The Romantics

The Romantics

2006, History  -    -  Playlist 42 Comments
Ratings: 7.75/10 from 24 users.

The RomanticsThis documentary looks at a group of visionary writers who changed the way we see the world - the Romantics - and examines stories of bloodshed, political upheaval and poetry.

Liberty. Peter Ackroyd reveals how the radical ideas of liberty that inspired the French Revolution opened up a world of possibility for great British writers such as William Blake, Samuel Taylor Coleridge and William Wordsworth, inspiring some of the greatest works of literature in the English language.

Their ideas are the foundations of our modern notions of freedom and their words are performed by David Tennant, Dudley Sutton and David Threlfall.

Nature. Peter Ackroyd summons the ghosts of the Romantics to tell the story of man's escape from the shackles of industry and commerce to the freedom of nature.

As the Industrial Revolution took hold of Britain during the late 18th Century, the Romantics embraced nature in search of sublime experience.

But this was much more than just a walk in the country; it was a groundbreaking endeavour to understand what it means to be human. They forged poetry of radical protest against a dark world that was descending upon Britain.

Eternity. Byron, Keats and Shelley lived short lives, but the radical way they lived them would change the world. At 19, Shelley wrote The Necessity of Atheism - it was banned and burned, but it freed the Romantics from religion.

Through their search for meaning in a world without God, they pioneered the notions of free love, celebrity and secular idolatry that are at the centre of modern Western culture.

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10 years ago


“I couldn't quote you no Dickens, Shelley or Keats
'cause it's all been said before
Make the best out of the bad just laugh it off
You didn't have to come here anyway
So remember, every picture tells a story don't it”

When Rod was God.

So many images, so many stories, so much fearful symmetry.

Finding the right tension between the Apollonian and the Dionysian is as delicate as tightrope walking over an abyss. That’s my monsterization of dear Friedrich. Gods and Monsters, Lambs and Tygers, it’s all the same thing. Make the best out of the bad and just Laugh it off!

You said in an earlier post that after studying Blake there was only one way of reading him? I’m not sure if I agree entirely, his body of work covers so much I feel it would be limiting to have such a singular view but would love to hear what you think? I haven’t studied Blake but I’ve been a fan ever since I was a young boy...

The Crucified One

10 years ago


This doc is not working, it keeps saying an error occurred please try later. Any chance of getting it fixed?
Edit: Oh and huge thanks for a wonderful site.

11 years ago

All animals are equal but some animals are more equal than others.

11 years ago

A Wonderful series! Thank you for uploading.
Blake (of which Ackroyd has written an excellent biography) was more of a mystical visionary and symbolist (believing in Platonic and Gnostic concepts, like the demiurgos for example. All of these men were brilliant poets and progressives ahead of their time. Blake was also an artist and engraver (See The William Blake Archive online) It is sad that Keats and Shelley died so young. I didnt know Shelley had a book of Keats' Poems iin his pocket when he drowned. I thought I read somewhere he didn't care too much for his work,, or vice-versa.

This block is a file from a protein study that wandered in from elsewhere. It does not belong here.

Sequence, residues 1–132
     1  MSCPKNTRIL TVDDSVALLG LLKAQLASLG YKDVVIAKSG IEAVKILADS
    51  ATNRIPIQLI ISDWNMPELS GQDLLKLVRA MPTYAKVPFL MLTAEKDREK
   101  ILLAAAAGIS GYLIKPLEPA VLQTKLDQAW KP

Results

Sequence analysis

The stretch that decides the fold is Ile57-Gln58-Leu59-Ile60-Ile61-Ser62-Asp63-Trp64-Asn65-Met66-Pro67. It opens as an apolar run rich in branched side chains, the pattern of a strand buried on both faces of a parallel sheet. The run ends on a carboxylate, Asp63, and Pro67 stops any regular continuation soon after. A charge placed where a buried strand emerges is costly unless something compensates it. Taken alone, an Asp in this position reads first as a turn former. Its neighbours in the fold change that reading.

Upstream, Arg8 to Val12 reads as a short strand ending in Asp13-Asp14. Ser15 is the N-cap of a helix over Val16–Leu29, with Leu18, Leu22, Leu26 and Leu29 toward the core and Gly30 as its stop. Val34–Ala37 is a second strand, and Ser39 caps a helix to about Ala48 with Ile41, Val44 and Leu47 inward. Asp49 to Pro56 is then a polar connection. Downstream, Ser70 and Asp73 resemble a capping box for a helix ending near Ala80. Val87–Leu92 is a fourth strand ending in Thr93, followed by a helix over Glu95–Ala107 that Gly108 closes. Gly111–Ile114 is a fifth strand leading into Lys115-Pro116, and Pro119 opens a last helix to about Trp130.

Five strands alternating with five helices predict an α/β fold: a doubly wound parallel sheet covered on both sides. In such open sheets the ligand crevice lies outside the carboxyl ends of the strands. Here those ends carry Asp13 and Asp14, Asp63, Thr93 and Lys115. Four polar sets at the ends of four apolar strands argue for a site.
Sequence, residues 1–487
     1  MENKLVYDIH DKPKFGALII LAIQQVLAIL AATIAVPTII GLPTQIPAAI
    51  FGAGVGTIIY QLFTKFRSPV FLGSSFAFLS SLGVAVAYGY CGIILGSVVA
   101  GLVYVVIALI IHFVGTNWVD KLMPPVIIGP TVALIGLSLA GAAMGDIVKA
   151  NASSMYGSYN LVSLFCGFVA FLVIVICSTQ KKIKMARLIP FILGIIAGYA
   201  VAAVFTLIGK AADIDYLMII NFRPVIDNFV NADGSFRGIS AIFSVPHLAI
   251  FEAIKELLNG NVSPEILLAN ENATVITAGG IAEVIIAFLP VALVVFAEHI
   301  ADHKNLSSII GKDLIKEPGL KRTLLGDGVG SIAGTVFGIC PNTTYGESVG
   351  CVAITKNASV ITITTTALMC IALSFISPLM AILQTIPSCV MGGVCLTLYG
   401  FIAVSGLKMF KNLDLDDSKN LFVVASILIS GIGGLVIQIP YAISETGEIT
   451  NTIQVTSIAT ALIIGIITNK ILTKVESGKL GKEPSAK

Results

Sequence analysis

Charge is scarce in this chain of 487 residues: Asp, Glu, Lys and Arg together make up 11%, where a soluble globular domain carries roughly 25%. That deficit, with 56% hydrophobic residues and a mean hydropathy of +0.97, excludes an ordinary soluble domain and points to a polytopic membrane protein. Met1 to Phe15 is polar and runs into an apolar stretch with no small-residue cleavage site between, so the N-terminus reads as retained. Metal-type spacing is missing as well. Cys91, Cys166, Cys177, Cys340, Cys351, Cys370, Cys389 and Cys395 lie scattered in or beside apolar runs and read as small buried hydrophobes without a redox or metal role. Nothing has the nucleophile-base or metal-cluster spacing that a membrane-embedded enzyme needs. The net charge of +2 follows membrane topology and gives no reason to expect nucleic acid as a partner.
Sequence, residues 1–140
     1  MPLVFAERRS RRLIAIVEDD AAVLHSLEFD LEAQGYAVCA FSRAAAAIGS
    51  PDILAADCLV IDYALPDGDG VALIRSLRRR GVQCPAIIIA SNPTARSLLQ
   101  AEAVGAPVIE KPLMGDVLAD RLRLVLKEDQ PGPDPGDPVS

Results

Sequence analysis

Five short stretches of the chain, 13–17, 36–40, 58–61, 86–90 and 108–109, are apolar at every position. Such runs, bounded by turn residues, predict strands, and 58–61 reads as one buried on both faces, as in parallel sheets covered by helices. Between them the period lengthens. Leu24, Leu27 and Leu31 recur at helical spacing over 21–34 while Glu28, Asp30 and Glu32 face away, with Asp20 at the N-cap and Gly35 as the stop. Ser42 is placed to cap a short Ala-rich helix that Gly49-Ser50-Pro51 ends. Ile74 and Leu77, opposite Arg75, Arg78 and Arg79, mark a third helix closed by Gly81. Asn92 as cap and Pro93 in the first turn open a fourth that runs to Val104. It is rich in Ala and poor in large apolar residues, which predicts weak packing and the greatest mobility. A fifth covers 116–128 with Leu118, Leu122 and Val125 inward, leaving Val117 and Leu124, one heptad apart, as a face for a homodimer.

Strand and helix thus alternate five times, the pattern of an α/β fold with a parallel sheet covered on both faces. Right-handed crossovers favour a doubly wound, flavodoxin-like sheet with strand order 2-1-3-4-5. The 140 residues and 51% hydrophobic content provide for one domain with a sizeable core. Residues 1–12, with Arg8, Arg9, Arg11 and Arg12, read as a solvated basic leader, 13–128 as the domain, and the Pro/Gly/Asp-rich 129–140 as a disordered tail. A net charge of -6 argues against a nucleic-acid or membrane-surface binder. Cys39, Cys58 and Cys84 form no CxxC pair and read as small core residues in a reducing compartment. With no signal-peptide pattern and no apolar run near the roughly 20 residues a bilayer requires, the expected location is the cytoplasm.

Whatever girders of the mind were loosened by the drug I wouldn't call opium with the 'source' of Kubla Khan but to Coleridge's poetic genius and brilliant mind. *Read The Pains of Sleep for a beautifully written description of anguish opium withdrawal. (words being wholly inadequate to describe such torments, not really. The withdrawal is perhaps not the worst of it but the slavery and emotional impact of being without it.) Though the final two lines stand out rather strangely. It's clear he felt 'such punishments' were for his having sinned (used opium). In the end it sapped his genius and ability to write./
(see: STC: A Bondage to Opium by Lefebure) -He is still among my few (along/w Poe and Blake) favorite poets. He was among the most intelligent men of his day. It is difficult to imagine what might have been had he not become an addict.

11 years ago

So which country has more freedom, France, UK OR US? Which is the best to move to?

11 years ago

England has caused more missery suffering and environmental tragedy. Ask what is more important human health or industry?

11 years ago

I'm not a Royalist Brit btw, quite the opposite i hate the fact the Britain still has a monarchy, and dont even live in the country anymore, actually live in France now, I just get a bit annoyed when ppl seem to gloss over what the British did actually do to go through to get the freedom we have now.

11 years ago

Please guys look into the English bill of rights of 1689, before you think that the american bill of rights was something completely new when it was written, in many ways they are much the same, British people always had much more freedom than the French up until the French revolution.

11 years ago

This man's speech impediment almost kills it.

11 years ago

I almost cried... great film

11 years ago

"escape from the shackles of industry and commerce". This is a baazzar phrase to describe revolutions against statist governments, the most notorious constrictors of industry and commerce. How can the TDF copywriter claim that Thomas Paine's opposition to taxes is an escape from the shackles of commerce? The British, or at least TDF, have still not discovered the essence of the American Revolution.

11 years ago

It still surprises me that the British still view the French Revolution as more profound a change than the American.